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Foreign Policy

Partnerships, Identities and Cultural Diversity

Dec 17, 2019
  • He Yafei

    Former Vice Minister of Foreign Affairs

When discussing global governance and international affairs, partnership is a word so familiar and common that many won’t even lift an eyelid upon hearing it. Nevertheless it caught global attention when President Xi Jinping proposed to establish a global network of partnerships to buttress the future system of global governance, be it related to security, economics or other things.

It is crystal clear to all that globalization and multilateralism is under attack and that the governance system in tatters. Certainly this is not because globalization hasn’t worked. In fact, globalization has worked wonders and brought tremendous changes in the distribution of world wealth and economic growth and brought about huge benefits in poverty reduction unprecedented in human history.
The downside is that globalization without balance and proper wealth distribution mechanisms has also produced winners and losers, and the latter lost more than previous times — as demonstrated by the rapid increase of inequality everywhere, especially in developed countries.

Globalization should not be blamed for all these wrongs. It is governments, social systems and civil societies that account for such injustice.

One thing is obvious: The distribution of wealth is highly imbalanced and welfare systems, which had been built in the Western world as a result of the previous big wave of changes in globalization, did not properly cushion the increasingly negative impact on the weakest — hence a political backlash, in particular after the 2008 crisis with the election of Trump as the president of the United States and Brexit driven by rising populism.

It is often said that the failure of the welfare system and the rise of populism are the culprits in the chaos of today’s world. But deep down, the design of the system, and its leading designer, also need to be closely examined.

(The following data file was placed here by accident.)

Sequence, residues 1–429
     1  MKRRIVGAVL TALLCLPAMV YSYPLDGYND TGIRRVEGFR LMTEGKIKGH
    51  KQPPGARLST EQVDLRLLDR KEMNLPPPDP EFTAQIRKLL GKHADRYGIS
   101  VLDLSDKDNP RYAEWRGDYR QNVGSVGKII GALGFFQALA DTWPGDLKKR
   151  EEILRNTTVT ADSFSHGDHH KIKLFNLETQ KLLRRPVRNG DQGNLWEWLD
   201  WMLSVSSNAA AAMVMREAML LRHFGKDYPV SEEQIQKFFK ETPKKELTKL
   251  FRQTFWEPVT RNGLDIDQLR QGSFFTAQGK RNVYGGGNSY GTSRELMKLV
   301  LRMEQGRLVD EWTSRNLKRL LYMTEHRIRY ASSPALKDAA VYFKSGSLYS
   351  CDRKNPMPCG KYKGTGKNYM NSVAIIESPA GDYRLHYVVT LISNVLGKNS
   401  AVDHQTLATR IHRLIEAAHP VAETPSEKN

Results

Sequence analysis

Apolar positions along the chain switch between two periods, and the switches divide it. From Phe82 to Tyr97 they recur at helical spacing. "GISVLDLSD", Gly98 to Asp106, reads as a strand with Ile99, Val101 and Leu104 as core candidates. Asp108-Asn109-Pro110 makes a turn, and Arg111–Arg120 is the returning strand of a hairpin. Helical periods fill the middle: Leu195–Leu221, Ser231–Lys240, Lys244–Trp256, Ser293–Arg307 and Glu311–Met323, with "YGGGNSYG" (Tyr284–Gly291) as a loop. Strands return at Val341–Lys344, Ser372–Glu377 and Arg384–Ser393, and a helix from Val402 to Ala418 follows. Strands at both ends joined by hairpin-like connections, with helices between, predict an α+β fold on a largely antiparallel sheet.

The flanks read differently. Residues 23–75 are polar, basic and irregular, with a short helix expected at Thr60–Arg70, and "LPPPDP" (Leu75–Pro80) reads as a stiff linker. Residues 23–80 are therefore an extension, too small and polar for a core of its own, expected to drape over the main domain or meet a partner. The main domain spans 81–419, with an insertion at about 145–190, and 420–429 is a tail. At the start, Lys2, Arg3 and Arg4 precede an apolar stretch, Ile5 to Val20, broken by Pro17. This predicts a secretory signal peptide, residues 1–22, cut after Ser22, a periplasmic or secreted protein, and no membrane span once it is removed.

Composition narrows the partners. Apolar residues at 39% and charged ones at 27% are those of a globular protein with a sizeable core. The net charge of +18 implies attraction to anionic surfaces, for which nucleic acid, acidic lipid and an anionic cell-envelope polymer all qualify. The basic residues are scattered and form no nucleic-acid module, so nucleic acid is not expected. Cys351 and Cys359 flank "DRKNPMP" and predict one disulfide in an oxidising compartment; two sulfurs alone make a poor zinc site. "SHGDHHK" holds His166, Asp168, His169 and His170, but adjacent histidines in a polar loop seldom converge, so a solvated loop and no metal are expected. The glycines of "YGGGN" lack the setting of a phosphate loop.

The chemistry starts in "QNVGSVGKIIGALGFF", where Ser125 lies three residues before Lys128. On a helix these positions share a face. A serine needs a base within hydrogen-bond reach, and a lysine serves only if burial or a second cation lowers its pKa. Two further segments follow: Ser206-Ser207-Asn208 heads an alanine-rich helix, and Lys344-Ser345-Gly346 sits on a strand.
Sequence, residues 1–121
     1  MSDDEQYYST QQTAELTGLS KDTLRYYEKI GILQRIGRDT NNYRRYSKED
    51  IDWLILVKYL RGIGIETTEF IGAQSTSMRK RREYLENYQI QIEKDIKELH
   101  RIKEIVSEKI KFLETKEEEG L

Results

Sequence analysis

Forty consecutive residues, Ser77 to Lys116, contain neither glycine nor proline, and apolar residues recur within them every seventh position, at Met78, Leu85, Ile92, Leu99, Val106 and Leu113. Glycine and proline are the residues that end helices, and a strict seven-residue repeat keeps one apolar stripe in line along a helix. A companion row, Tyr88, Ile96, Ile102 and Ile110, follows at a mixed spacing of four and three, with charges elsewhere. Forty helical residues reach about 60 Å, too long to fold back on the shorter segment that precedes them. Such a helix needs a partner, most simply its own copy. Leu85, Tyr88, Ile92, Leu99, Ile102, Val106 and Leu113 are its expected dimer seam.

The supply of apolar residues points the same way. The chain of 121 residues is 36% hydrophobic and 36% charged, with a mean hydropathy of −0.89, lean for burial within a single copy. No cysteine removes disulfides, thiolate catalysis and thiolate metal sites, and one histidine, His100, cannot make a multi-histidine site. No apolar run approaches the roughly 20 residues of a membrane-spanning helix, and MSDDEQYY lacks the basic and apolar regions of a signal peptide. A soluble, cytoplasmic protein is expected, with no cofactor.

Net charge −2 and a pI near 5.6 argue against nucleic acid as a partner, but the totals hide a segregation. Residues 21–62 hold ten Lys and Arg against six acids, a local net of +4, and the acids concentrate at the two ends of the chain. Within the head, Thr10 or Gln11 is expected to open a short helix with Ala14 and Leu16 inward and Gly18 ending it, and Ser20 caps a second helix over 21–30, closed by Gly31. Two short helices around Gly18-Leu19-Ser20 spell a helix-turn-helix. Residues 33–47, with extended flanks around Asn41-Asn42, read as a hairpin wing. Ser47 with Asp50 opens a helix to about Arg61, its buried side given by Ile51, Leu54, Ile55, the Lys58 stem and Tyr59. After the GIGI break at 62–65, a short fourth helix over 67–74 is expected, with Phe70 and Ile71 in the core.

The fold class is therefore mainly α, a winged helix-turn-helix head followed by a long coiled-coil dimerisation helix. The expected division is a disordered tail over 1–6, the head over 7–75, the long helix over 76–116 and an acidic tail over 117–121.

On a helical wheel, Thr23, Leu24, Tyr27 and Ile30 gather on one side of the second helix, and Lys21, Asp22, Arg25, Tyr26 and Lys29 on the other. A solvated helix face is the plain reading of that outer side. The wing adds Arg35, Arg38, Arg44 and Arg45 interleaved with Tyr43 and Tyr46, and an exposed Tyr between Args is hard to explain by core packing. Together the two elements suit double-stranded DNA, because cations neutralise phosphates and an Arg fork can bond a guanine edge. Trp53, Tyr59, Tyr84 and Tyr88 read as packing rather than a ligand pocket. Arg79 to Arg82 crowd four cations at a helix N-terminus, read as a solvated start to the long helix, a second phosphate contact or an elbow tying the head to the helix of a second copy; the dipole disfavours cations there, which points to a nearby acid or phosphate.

China has learned two things from its own experience with globalization — that no country can develop in isolation and that the balance between market efficacy and social justice must be painstakingly maintained.

A global network of partnerships, both in theory and practice, is China’s contribution to the improvement of global governance. It is hoped that by knitting this open and inclusive network, globalization can continue to work its magic and inequality can be arrested through a worldwide sharing economy and common development agenda. As is often said, no one should be left behind.

China believes that through a forward-looking and balanced approach to globalization, and with global governance, numerous holes can be plugged. One of those holes has been dug by the insistence on an alliance-based security structure by the U.S. and other Western countries. Created in an age before the current round of globalization, it only deepened divides etched in ideology.

Approaching global governance through partnerships and cooperation on a equal footing has gained traction in the last decade or so. China’s Belt and Road Initiative can be seen as helping to build such global partnerships.

Identity in various shades has occupied national politics at different levels in many countries. In international affairs, identity is an important indicator for any country in its engagements with others. Many people wonder about China’s global identity. Here I list three key elements in China’s identity: a socialist country, a developing country and a major power (or a major power to be).

Being a socialist country gives it a political identity that guides its endeavors to achieve modernization and national rejuvenation under the firm leadership of the Communist Party of China. Being a developing country imbues it with an economic and developmental framework that fits both the past and present-day Chinese economy. Being (or becoming) a major power represents both global status and responsibility.